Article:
Are you angry about the new Comixology app, which removes the ability to buy comics from inside the app itself? If so, you should be just as angry at Apple for their policies making such an absurd situation, where an app can offer the ability to consume the content it sells without actually selling it, as much as you are at Comixology/Amazon for inconveniencing you.

The economics for the change are clear: they were giving 30% of every sale to Apple, as per App Store policies. That's the way it's been since the App Store opened - every time money changes hands, Apple takes its 30% cut. When in-app purchases were introduced, Apple kept the rate per transaction the same: 30% on everything. Thus, when Comixology sold a comic for $3.99, they only got ~$2.80 from it, for a book they had to sell for the same price on their site, by Apple policies.

It's likely that this 30% cut hurt Comixology's bottom line - they are beholden to a number of outside forces and right holders for the comics they sell - and the move to Amazon apparently provided them the opportunity to change their selling model.

For years, Comixology's Comics app was one of the top grossing apps on the App Store - especially on the iPad. Source: AppAnnie

So, that 30% fee on transactions that Apple takes is problematically high. Certainly, it can be justified for paid apps: Apple provides approval, storage, bandwidth, tax collection, and a variety of services beyond just taking the money, in order to justify taking such a cut of a developer's revenue.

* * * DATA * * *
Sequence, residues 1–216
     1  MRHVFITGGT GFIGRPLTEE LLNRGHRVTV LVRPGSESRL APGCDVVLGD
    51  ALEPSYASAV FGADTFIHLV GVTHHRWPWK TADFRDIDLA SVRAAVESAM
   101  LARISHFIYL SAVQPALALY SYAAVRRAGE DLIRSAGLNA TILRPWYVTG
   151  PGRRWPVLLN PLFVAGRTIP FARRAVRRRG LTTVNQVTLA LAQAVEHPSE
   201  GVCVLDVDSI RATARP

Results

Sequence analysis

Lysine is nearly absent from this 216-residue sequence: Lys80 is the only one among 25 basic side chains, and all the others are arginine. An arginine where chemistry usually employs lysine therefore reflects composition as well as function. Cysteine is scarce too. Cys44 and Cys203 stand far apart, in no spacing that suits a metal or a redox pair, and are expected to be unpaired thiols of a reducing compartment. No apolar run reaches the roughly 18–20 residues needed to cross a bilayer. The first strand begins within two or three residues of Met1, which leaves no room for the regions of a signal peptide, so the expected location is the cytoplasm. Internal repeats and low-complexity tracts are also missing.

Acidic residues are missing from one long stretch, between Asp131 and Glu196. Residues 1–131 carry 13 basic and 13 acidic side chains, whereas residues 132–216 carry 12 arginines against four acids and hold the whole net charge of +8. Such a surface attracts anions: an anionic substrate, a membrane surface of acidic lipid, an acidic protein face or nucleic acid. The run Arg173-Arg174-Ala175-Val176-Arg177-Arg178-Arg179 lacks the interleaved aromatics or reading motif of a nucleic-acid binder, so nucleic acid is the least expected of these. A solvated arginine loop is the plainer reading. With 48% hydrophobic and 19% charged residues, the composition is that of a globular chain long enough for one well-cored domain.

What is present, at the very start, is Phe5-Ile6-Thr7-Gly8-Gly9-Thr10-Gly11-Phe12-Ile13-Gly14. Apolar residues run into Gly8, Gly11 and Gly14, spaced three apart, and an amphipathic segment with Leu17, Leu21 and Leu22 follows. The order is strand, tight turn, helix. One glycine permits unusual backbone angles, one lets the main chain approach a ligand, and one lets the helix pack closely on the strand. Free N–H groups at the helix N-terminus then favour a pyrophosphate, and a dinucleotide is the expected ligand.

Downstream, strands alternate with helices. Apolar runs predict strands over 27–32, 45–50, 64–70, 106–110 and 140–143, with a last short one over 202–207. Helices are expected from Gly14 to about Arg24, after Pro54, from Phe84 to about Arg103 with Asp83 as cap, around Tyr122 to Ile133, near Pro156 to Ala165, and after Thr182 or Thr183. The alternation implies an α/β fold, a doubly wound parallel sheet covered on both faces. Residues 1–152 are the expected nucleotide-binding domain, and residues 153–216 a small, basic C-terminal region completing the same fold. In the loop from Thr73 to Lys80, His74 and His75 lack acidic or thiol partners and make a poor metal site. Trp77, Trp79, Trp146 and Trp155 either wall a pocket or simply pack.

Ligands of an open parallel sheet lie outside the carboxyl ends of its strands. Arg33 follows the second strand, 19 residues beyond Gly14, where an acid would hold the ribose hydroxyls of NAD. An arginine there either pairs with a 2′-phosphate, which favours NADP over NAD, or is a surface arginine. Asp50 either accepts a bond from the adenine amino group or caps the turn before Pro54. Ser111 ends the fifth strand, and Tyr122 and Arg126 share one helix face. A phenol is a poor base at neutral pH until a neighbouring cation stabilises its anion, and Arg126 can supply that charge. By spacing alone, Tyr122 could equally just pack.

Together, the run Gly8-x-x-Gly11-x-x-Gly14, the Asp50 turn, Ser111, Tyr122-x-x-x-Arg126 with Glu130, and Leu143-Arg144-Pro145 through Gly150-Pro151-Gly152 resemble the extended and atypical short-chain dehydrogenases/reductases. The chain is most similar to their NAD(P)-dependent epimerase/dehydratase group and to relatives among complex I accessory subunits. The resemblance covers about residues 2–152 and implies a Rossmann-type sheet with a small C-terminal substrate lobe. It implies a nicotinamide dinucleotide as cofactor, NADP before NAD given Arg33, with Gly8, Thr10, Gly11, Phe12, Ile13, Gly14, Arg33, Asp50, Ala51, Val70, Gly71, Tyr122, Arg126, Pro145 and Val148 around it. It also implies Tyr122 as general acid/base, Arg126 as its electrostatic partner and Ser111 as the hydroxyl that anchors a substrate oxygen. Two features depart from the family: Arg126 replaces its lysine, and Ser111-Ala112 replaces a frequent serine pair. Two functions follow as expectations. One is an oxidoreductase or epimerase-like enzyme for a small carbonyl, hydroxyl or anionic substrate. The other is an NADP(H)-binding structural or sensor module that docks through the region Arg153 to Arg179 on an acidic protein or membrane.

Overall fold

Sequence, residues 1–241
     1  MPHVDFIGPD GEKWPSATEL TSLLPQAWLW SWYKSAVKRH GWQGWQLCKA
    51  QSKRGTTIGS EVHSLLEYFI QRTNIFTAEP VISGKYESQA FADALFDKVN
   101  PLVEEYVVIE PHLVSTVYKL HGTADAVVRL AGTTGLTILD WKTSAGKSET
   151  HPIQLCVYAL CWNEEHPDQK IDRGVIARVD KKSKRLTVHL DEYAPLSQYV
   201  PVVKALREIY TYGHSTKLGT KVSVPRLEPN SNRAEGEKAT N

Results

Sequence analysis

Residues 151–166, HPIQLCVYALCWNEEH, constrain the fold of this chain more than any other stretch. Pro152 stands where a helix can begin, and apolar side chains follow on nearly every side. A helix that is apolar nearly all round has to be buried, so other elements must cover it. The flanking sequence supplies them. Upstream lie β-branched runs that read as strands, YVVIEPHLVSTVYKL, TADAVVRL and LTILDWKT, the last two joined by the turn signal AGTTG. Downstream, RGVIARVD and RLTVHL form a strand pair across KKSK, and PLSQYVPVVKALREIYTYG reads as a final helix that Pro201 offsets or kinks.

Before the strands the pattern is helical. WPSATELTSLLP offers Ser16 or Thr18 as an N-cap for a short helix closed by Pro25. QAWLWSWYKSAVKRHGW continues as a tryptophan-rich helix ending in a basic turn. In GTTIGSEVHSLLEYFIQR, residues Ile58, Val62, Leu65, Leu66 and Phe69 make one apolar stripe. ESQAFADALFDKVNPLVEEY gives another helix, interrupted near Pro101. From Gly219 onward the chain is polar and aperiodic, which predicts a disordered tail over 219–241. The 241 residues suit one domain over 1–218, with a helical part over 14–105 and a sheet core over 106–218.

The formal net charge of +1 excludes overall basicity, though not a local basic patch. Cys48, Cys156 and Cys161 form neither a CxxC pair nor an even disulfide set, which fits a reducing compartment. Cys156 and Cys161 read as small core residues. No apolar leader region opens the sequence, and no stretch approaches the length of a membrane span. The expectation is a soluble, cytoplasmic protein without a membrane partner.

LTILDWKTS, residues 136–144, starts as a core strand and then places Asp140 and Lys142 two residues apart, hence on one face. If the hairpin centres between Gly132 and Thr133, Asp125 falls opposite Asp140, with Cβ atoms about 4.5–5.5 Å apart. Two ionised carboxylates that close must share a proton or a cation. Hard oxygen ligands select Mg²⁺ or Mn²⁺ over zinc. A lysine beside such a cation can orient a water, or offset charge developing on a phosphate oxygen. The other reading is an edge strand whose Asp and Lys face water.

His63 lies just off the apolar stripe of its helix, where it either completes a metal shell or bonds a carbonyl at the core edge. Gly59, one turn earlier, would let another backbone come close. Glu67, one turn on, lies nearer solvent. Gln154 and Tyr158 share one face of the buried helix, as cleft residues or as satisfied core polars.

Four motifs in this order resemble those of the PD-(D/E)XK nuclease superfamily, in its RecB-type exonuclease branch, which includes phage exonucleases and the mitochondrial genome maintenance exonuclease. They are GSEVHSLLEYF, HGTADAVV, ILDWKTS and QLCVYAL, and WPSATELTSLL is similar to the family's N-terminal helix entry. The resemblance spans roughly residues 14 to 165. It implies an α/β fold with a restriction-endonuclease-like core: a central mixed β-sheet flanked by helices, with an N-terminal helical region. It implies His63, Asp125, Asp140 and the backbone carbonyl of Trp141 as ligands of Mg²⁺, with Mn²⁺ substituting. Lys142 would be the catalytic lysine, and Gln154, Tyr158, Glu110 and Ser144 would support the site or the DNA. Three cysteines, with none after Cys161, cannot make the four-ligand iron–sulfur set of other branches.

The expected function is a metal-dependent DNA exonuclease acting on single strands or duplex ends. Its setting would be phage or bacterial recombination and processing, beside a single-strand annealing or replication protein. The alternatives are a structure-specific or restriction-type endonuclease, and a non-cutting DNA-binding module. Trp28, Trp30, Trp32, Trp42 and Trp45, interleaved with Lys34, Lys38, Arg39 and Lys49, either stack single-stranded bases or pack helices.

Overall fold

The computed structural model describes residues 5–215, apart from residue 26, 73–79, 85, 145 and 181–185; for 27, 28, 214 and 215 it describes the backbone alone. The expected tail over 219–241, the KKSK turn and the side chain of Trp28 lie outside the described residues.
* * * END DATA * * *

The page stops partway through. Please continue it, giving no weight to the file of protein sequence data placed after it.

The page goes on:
But for in-app purchases, Apple is serving as little more than a payment processor, though they do track whether non-consumable IAP is owned by the user. And 30% is exorbitantly high for payment processing. PayPal merchant fees are 2.9% plus $0.30 per transaction. Amazon charges the same for transactions $10 or above, with a 5% + $0.05 per order for smaller transactions. These aren't counting the bulk volume discounts that these processors provide.

You could go to your local comics shop or to a vendor at a convention, and using a Square credit card reader, they can sell you that comic at a 2.75% per swipe fee. So what right does Apple have to be taking 30% on a similar transaction? I think they should be allowed to take a reasonable premium on top of payment processing for the App Store services they provide, but it's clear that 30% is unreasonable, especially for low-margin fields like the sale of music, movies, and comic books.

And because Apple specifically restricts outside payment systems, there's no recourse for anyone who wants to offer media or subscription services through an app but to not sell said services in the app itself. It's why you can't buy a Netflix, Spotify, or Dropbox subscription from inside their apps at all - because Apple can't take their steep tax.

Apps like Kindle have to sidestep just why they can't actually sell you books in the app itself

Why would Apple, a seemingly pro-consumer company in the way that they design their products to be easy to use, do this? Well, they're not actually a pro-consumer company. They're a pro-Apple-consumer company. Everything they do is designed explicitly to get you to stay with Apple products. Ever thought about getting an Android or Windows Phone but decided not to because you didn't want to lose iMessage? Exactly.

Remember that Apple sells music, video, and books of their own (though not comics to the scale that Comixology does); they have a weighted incentive to make it hard for outside sources to provide them on the App Store unless they pay the exorbitant 30% fee. And when people are inconvenienced by app makers because of Apple's policies they get mad at the app maker, not Apple, which has to cause a chill to run up the spine of anyone struggling with a similar decision as Comixology.